The increase in students adding minors has changed the composition of her classes, from only students majoring in counseling with an emphasis on addiction, chemical dependency and substance abuse, to a mixture. Those classes can include: Foundations of Addiction and Substance Use Disorders, Psychopharmacology in Treatment of Addiction and Substance Use Disorders, Relapse Prevention in the Treatment of Addiction and Substance Use Disorder, and Domestic Violence, Child, Elder Abuse — Families with Addiction and Substance Use Disorders.
“These academic programs do a really good job of dealing with the whole person,’’ she said, noting the addition of several majors from COT who seek a better understanding of addiction for potential careers in worship ministry.
“Where do people who are struggling often go first?’’ she asked. “To their church.’’
Krupp is painfully aware of the increase in substance abuse and addiction.
“Literally, we’re in an epidemic right now in terms of overdose deaths,’’ she said in an interview with GCU Today on Sept. 18.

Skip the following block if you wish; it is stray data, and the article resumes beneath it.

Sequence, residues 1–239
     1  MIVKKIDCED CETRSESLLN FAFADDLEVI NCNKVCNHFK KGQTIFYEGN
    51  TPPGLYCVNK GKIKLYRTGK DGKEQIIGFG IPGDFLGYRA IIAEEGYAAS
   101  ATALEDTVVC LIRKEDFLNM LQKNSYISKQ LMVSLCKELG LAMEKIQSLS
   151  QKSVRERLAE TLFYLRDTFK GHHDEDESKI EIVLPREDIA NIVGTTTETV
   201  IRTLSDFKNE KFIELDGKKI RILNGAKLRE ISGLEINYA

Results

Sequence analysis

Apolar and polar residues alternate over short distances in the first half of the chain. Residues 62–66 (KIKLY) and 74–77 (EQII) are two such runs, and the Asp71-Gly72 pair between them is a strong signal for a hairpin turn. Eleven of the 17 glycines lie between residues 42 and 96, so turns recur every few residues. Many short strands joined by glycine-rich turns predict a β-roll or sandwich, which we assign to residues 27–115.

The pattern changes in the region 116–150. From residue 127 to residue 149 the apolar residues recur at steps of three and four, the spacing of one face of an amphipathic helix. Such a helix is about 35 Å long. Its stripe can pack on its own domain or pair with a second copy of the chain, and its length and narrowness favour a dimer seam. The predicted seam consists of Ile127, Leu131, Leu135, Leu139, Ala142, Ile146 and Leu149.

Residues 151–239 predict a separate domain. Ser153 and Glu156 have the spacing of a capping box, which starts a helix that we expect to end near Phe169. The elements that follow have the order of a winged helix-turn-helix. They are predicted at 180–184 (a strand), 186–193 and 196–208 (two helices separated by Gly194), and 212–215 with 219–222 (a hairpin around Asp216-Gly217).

Two days later, the numbers bore her out. On Sept. 20, the Centers for Disease Control and Prevention (CDCP) reported that the most recent statistical year for cause of death, 2016, saw 63,632 Americans die from a drug overdose, an increase of 21.5 percent from 2015. The numbers are based on a CDCP analysis of 31 states and Washington, D.C.
Fortunately, an increasing number of GCU students are preparing to help people battle addiction, or mental illness in Spriggs’ case, and scores of others readying for a variety of careers by adding minors to their course of study.
Minors offered at GCU, credit hours required in fall 2018:
College of Science, Engineering and Technology:
Athletic Coaching (24)
DB-driven Web-based Applications (16)
e-Business Applications Development (16)
Enterprise Applications Development (16)
College of Theology:
Christian Studies (16/120)
Worship Arts (20/54)
Biblical Studies (20/75)
Colangelo College of Business:
Business Administration (32)
Business Analytics (24; new Fall 2018)
Business Management (20)
Entrepreneurial Studies (16)
Financial Economics (24)
General Business (20)
Hospitality Management (16)
Military Service ROTC Army (27) Air Force (36)
Sports Management (20)
College of Fine Arts and Production:
Digital Design (24)
Digital Film (20)
College of Humanities and Social Sciences:
Behavioral Sciences (20)
Criminal Justice (16; new Fall 2018)
Human Services Case Management (16; new Fall 2018)
Mathematics (20) (new; Fall 2018)
Professional Writing (16)
Public Administration (16)
Social Work (16)
Contact Theresa Smith at (602) 639-7457 or [email protected].